AMHERST, Mass. – President Barack Obama’s office recently named computer science education pioneer Beverly Woolf at the University of Massachusetts Amherst a Presidential Innovation Fellow for 2013, recognizing her leadership in designing software tutors that respond to a student’s mood and personal learning pace, for example, to dramatically improve lesson effectiveness.
Woolf’s work combines artificial intelligence, computer network technology and multimedia features in digital tutoring software for teaching mathematics according to individual students’ needs. She attended a ceremony at the White House on June 21 to accept the award.
President Obama and his administration launched the PIF program in 2012 to bridge the gap between the private and public sectors and to bring talented innovators into government to solve challenges of national importance, program leaders say. “The program is about improving the way things are done.”
PIF projects are selected based on their potential to “save lives, save taxpayer money and fuel American job growth.” Fellows are “doers and change agents” who have shown their ability to accomplish great things in an agile and collaborative way. Each project has its own timeline, but fellowships generally last six to 13 months and involve working in Washington D.C. for at least a few weeks.
Woolf says of her PIF award, “I intend to work towards making education a civil right for all people and to create systemic, broad-based changes in social-educational movements that will be sustained over the long period. I want to provide opportunities for all people, including populations poorly served by the traditional educational system, so they can learn rapidly and form new learning communities. I have been a change agent in education technology for years and am eager to move our country forward towards groundbreaking activities in education.”
In recent years, Woolf, Ivon Arroyo and colleagues at UMass Amherst have created intelligent and emotionally perceptive teaching software for grade school children, notably one called Wayang Outpost. It features a friendly tutor and other animated characters that interact one-on-one with users like a personal trainer. It uses artificial intelligence to evaluate their skills and knowledge in real time, then adjusts to offer personalized strategies to address knowledge gaps and provide advice for tackling difficult problems.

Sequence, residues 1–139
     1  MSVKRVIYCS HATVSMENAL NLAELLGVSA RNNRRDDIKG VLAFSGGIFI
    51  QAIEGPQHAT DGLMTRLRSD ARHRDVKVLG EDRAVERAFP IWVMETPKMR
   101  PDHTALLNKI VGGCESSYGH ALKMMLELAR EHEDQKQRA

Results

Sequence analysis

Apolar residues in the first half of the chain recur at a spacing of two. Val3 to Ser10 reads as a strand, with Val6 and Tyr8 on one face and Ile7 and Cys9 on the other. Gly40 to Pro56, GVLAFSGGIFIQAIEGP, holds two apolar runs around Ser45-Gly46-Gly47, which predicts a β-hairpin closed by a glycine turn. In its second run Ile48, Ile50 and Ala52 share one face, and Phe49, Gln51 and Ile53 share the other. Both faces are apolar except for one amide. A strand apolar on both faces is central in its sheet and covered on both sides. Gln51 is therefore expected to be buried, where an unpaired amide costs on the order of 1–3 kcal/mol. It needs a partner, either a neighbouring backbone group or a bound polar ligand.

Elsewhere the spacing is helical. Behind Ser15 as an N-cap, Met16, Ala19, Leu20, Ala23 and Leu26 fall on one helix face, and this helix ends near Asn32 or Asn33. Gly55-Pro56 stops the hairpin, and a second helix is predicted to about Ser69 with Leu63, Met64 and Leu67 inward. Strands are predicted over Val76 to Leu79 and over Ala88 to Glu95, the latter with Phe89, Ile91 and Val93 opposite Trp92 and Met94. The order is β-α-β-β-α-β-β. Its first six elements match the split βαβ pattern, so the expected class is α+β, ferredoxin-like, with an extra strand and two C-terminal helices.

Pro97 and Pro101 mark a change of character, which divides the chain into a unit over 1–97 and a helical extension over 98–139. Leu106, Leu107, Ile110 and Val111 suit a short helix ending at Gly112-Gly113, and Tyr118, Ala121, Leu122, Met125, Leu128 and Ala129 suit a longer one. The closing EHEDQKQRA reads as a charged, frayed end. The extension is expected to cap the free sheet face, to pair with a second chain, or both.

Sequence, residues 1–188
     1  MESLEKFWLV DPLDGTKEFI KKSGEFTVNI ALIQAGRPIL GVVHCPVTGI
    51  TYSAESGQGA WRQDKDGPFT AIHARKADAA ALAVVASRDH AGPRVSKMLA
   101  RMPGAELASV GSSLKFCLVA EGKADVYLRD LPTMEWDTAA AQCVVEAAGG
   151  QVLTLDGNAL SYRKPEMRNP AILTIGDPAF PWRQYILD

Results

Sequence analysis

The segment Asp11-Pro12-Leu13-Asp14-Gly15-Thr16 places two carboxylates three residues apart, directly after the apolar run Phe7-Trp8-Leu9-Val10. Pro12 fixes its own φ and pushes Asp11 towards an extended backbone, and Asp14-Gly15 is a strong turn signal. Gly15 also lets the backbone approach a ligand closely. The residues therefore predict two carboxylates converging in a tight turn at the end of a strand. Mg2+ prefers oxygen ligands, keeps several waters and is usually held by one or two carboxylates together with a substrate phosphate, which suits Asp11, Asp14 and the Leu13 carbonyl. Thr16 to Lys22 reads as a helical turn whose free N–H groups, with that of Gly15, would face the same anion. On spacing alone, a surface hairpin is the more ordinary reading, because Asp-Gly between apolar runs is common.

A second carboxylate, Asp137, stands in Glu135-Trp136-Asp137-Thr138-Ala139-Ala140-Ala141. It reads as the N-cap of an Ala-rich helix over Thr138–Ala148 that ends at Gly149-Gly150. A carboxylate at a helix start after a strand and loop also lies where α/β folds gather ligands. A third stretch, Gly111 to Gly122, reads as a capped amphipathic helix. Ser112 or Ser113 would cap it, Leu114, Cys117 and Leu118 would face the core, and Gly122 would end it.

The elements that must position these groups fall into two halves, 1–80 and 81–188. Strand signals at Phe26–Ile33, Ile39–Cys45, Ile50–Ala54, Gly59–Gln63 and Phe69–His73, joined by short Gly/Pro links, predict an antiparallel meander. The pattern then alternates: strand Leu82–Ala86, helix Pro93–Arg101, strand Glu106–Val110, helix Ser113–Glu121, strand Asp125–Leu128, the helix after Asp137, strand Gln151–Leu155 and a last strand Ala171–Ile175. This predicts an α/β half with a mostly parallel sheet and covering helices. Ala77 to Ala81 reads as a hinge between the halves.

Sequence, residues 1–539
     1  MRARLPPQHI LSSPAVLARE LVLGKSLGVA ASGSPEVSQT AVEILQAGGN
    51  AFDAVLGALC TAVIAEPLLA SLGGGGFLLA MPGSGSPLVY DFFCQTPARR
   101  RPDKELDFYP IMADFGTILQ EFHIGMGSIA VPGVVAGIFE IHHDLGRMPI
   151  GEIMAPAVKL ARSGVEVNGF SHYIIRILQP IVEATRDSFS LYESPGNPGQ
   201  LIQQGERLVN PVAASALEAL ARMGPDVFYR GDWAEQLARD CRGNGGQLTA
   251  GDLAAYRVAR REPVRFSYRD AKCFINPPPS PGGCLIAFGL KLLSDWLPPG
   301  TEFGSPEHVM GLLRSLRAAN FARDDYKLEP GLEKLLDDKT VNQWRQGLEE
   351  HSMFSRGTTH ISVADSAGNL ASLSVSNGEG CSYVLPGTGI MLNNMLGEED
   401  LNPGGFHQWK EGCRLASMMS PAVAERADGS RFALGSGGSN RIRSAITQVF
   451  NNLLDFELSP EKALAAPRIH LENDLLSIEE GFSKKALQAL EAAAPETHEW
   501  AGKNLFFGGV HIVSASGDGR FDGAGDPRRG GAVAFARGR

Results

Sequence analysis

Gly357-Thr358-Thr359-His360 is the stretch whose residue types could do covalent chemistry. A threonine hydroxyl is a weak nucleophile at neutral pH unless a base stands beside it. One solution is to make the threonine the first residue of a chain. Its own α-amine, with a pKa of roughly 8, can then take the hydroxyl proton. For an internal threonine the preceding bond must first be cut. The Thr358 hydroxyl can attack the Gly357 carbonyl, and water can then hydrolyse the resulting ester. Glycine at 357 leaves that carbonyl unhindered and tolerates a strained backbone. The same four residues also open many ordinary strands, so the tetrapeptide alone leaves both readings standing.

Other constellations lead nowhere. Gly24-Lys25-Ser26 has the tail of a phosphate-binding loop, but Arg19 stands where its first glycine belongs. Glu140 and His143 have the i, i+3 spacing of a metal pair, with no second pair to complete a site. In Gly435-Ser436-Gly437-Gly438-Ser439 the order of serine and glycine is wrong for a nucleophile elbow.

Wayang Outpost has improved student performance on standardized test scores by an average 10 percent, a critical difference for low-achieving and other students who
often struggle with math. It has been used worldwide to improve students’ early relationship with mathematics, keeping later career options open.
Woolf says, “Some of my goals for this fellowship are to make education data-rich and to develop Internet-scale experimentation that balances students’ learning across all environments as a result of distributed technology. I am committed to quality global instruction, freely available for all students, using educational data mining for formative assessment and immediate feedback about how students can improve their performance.”
She supports enhanced government-academic-industry cooperation to lower the cost of such technology, provide effective evaluation, develop sophisticated modules that allow multiple authors to collaborate on problems and examples for other systems, and to increase student engagement through use of graphics, simulations and visualizations.
A research professor since 2005 at UMass Amherst, Woolf is internationally known as a founder and leader in intelligent tutoring systems and as an expert in science and mathematics learning, education data mining, machine learning, analytics and student evaluation. She wrote the 2008 textbook, “Building Intelligent Interactive Tutors,”and was lead author of the 2010 national report, “Roadmap to Education Technology.” Woolf has spoken widely on global education and has built scores of systems used by thousands of students that effectively train, advise and explain knowledge.